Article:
This fall will be so exciting.  My big brother Theodore is getting married to Miss Alice Lee of Boston.  Weren’t we just so proud of him when he graduated from Harvard this spring, and since then we’ve been busy having teas and social engagements for the bride.  But she said to me the other day, “I do enjoy Teddy’s friends, but I don’t know why I can’t get anywhere with Edith Carow.”

Teddy is thinking he will donate his large number of stuffed birds to  museums…I remember how he and Fred Osborn used to go hunting in the Hudson Highlands.  They took such pride in their collections.   He should have become a scientist, but he didn’t like looking at specimens under a microscope; he always wanted to be outdoors,  in the field.  Now he’s talking about studying law with our uncle.

Our father, the first Theodore Roosevelt, would be so proud of him.  Dear Father.  Greatheart, as my aunt used to call him.  His sudden death stunned us two years ago.  We will never recover from the loss of his guidance and love.


No Name Hats 1890s To Early 1900s

I still don’t believe it.  I have rassled a calf!  My brother and his wife took us to his Elkhorn Ranch on a holiday.  His hired hands taught me how to rope the thing and hang over its back as it was running in the mud.  I grabbed one leg and over we went, both of our legs waving in the air.  A grand time we all had, in Dakota and the Yellowstone.  Theodore growled outside our tent like a bear to scare us.

Theodore, Edith, and the bunnies, as they call their children, will soon move to Washington D.C.  My, what a challenge to be a Civil Service Commissioner.  And what a change from the cattle business here in the west.  That WAS good for him, even though he lost a lot of money on the venture.  He built up his health after grieving for Alice Lee’s and our mother’s deaths, which most tragically happened  on the same day.  Now he has Edith, whom we have known for always, to help him.

It will be hard for them to leave their lovely home, Sagamore Hill, on Long Island.


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How exciting it is for Theodore to be elected Vice President of the United States!  I always knew he would do great things for our country.

I am sure he will make his mark, as he did in his other positions.  He began as a New York State Assemblyman.  Theodore, whom we called “Teddy” at the time, was such a young upstart.  When he was appointed to Civil Service Commissioner in Washington, he went after corruption in the Postal Service.  Next it was back to Manhattan to shake up the New York City Police Department as one of their Commissioners.

Let’s see — he became the Assistant Secretary of the Navy and influenced the beginning of the Spanish-American War.  He resigned to organize a volunteer regiment, the Rough Riders.  And he was just as vigorous as Governor of New York as he was charging up Kettle Hill.  No wonder he said, “I rose like a rocket.”

I wish our poor brother, Elliott, could see him now.  May he rest in peace.


I AM growing uncomfortable with our national leaders.  Theodore just returned from his African trip, and to the adulation of great crowds.  He’s been troubled, I know, by President Taft’s actions and especially his  inactions on conservation.

I believe Theodore’s accomplishments in that office from 1901 to 1909 will stand firm for many years.  After the tragic assassination of President McKinley, he proved himself a true leader.   He negotiated settlement of the coal strike when the mines were shut down and people were shivering from lack of fuel.  He sued the business trusts to break up their monopoly.   He sought to make life better for the poor with the Food and Drug Act.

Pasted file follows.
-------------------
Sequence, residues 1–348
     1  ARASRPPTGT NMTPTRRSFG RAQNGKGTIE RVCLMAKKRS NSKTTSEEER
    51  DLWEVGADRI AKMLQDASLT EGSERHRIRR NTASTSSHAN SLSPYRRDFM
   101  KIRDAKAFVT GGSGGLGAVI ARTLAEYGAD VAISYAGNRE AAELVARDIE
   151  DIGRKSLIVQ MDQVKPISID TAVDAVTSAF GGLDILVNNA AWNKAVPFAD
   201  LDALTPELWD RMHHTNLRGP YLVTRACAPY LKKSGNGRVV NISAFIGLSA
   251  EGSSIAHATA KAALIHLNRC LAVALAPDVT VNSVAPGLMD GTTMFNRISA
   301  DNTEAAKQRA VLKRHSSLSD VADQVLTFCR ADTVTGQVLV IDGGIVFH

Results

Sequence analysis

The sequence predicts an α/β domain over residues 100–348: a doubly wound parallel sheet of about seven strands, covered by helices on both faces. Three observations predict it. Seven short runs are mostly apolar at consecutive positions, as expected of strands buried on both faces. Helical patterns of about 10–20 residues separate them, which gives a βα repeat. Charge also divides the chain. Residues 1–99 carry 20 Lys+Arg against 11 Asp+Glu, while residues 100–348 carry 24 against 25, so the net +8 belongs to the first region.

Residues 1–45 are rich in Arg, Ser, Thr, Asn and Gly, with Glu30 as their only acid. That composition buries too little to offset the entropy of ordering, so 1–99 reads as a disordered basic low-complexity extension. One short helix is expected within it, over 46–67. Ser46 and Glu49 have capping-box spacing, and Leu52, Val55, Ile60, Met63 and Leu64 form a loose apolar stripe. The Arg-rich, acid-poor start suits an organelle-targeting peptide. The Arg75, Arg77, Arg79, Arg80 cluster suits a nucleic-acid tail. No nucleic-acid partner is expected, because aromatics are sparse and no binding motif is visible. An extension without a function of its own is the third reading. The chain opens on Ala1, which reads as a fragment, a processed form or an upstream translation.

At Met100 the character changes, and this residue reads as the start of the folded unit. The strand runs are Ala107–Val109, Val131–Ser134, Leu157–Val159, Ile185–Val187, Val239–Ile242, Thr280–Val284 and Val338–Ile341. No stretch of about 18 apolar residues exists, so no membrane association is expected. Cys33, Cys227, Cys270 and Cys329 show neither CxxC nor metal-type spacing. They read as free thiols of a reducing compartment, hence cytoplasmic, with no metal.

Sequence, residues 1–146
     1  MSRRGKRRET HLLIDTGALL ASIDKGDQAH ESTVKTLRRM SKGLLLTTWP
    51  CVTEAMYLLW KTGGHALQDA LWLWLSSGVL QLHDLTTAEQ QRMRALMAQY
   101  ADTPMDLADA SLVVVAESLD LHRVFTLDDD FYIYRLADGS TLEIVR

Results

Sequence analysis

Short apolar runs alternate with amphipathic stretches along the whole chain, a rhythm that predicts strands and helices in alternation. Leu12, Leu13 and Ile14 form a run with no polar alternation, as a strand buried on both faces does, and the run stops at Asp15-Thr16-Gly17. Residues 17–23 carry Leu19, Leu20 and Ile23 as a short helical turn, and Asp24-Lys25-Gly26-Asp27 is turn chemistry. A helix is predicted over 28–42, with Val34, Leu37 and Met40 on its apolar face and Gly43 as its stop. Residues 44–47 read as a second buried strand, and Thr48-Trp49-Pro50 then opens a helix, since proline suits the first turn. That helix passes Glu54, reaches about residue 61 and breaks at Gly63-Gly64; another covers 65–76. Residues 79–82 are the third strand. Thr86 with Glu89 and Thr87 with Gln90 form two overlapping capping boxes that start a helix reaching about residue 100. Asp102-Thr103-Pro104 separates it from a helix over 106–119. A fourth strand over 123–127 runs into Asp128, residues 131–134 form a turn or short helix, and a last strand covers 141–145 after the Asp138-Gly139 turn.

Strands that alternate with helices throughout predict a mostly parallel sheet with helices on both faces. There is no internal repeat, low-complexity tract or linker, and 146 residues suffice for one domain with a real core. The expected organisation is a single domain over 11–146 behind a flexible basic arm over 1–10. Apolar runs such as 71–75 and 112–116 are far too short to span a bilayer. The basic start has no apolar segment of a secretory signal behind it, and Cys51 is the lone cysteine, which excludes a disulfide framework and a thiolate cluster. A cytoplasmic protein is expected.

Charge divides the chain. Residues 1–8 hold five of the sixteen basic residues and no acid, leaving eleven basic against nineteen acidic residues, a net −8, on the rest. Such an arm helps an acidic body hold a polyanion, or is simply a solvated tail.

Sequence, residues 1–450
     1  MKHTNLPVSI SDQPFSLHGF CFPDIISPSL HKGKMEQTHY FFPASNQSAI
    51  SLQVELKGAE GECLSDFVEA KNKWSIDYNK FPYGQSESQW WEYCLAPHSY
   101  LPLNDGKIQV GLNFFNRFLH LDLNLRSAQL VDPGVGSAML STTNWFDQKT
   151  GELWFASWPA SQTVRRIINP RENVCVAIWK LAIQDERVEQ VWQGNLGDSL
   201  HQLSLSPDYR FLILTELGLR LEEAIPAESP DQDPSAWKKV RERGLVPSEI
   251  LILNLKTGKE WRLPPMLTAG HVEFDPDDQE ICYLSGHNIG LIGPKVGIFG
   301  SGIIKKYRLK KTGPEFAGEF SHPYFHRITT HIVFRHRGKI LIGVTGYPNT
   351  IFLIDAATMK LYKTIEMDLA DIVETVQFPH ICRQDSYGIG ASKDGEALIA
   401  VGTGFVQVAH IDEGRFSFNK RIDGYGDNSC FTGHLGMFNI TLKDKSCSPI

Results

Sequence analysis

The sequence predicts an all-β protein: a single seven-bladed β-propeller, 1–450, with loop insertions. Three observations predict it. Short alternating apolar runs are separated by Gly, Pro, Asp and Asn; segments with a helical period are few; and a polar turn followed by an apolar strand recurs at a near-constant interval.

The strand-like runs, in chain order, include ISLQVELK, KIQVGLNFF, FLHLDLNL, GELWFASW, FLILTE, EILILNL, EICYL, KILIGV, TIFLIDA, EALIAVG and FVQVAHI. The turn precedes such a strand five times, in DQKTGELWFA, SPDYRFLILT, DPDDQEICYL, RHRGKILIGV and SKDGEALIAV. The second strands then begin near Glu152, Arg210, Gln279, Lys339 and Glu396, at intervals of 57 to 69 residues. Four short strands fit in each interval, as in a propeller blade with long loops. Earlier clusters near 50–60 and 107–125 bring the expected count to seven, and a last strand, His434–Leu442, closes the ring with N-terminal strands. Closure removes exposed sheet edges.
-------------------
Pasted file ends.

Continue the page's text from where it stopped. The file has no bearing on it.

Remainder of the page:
The little boy who toured Europe with us three decades ago understood the dynamics of monarchies, and stopped Russia and Japan from going to war.  For this he earned the Nobel Peace Prize.  He strengthened our navy and sent the Great White Fleet on a world tour to show other nations we “speak softly and carry a big stick.”

Many times we joined him for supper in the White House — oh, and he was responsible for changing the name people used for the executive mansion, which he and Edith remodeled so beautifully.  Theodore thought he should use the power he had  to do what was best for the American people.  He called it a “square deal.”  He wanted to protect the natural world which we began our love affair with  so many many years ago at our summer homes in the country.


Last year, after my husband died, I remember Theodore talking about the severe illnesses which plagued him ever since he was a child.  “I promised myself I would work to the hilt until I was 60, and I have done it,” he told me last year, hitting his fist on the arm of his char.  And now…he is gone.

Splitting with the Republicans in 1912 was hard for him.  The political bosses betrayed him again, taking the nomination which was rightfully his, and so he campaigned under a new party, the Progressives.  Even though he received more votes than President Taft, Wilson won the election.

Being refused permission to form a volunteer regiment in the recent world war, and losing his dear son Quentin in France in the summer of 1918 were terrible blows.  He never recovered from them.

I do think I shall write a book about my brother.  I must focus now on the task at hand, to present a speech for General Wood at the Republican National Convention.  It should have been you, Theodore.  I miss you so. We will carry on for you.


At Sagamore the Chief lies low–

Above the hill in circled row

The whirring airplanes dip and fly

A guard of honor from the sky;–

Eagle to guard the Eagle, –Woe

Is on the world.  The people go

With listless footstep, blind and slow;–

For one is dead — who shall not die —

At Sagamore.


Oh!  Land he loved, at last you know

The son who served you well below,